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The inductive bias (also known as learning bias) of a learning algorithm is the set of assumptions that the learner uses to predict outputs of given inputs that it has not encountered.[1]

In machine learning, one aims to construct algorithms that are able to learn to predict a certain target output. To achieve this, the learning algorithm is presented some training examples that demonstrate the intended relation of input and output values. Then the learner is supposed to approximate the correct output, even for examples that have not been shown during training. Without any additional assumptions, this problem cannot be solved since unseen situations might have an arbitrary output value. The kind of necessary assumptions about the nature of the target function are subsumed in the phrase inductive bias.[1][2]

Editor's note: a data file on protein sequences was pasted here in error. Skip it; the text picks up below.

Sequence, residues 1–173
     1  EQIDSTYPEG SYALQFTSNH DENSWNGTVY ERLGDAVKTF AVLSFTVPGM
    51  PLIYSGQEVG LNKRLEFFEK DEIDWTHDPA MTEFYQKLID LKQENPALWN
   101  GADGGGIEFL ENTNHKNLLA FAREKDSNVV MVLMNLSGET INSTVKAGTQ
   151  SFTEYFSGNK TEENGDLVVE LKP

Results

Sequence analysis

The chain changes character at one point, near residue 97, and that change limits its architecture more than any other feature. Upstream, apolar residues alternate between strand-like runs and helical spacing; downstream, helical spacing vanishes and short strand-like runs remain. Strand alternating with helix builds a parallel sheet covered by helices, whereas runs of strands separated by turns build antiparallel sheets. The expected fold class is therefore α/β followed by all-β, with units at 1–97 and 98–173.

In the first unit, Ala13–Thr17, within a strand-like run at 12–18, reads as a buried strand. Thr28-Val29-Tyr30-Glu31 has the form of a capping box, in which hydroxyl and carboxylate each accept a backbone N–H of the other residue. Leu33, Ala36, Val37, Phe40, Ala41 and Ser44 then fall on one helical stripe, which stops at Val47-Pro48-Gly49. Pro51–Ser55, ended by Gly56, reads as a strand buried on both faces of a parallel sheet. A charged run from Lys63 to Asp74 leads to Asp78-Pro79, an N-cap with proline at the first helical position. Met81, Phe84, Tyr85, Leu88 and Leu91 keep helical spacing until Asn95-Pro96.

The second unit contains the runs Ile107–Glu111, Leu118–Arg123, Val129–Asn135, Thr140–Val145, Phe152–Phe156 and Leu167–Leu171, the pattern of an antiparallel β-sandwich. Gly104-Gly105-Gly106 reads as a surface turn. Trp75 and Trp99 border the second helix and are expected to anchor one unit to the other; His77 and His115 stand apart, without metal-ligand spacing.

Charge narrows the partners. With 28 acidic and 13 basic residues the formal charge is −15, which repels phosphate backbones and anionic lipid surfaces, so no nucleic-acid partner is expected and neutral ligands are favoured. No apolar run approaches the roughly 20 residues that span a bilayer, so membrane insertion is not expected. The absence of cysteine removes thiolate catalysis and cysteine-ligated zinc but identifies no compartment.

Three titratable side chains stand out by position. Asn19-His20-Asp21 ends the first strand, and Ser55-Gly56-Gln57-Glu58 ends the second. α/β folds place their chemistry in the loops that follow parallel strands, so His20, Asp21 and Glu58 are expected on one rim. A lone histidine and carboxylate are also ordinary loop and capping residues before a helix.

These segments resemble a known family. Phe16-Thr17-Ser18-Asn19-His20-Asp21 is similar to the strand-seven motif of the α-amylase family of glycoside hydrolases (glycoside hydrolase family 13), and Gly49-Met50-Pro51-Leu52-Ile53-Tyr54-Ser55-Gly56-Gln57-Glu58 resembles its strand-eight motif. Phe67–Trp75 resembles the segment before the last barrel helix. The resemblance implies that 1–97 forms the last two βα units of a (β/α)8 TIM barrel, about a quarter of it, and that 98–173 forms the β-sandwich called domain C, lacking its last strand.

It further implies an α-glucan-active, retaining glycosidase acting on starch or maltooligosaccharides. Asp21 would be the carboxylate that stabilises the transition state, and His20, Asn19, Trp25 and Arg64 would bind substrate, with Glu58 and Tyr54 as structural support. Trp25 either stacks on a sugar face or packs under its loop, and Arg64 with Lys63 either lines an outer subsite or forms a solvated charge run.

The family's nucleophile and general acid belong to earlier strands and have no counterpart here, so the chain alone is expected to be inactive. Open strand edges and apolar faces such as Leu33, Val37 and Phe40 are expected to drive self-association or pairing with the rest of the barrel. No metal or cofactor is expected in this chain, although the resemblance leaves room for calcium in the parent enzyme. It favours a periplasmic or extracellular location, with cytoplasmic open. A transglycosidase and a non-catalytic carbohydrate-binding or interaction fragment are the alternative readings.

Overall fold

A classical example of an inductive bias is Occam's razor, assuming that the simplest consistent hypothesis about the target function is actually the best. Here consistent means that the hypothesis of the learner yields correct outputs for all of the examples that have been given to the algorithm.

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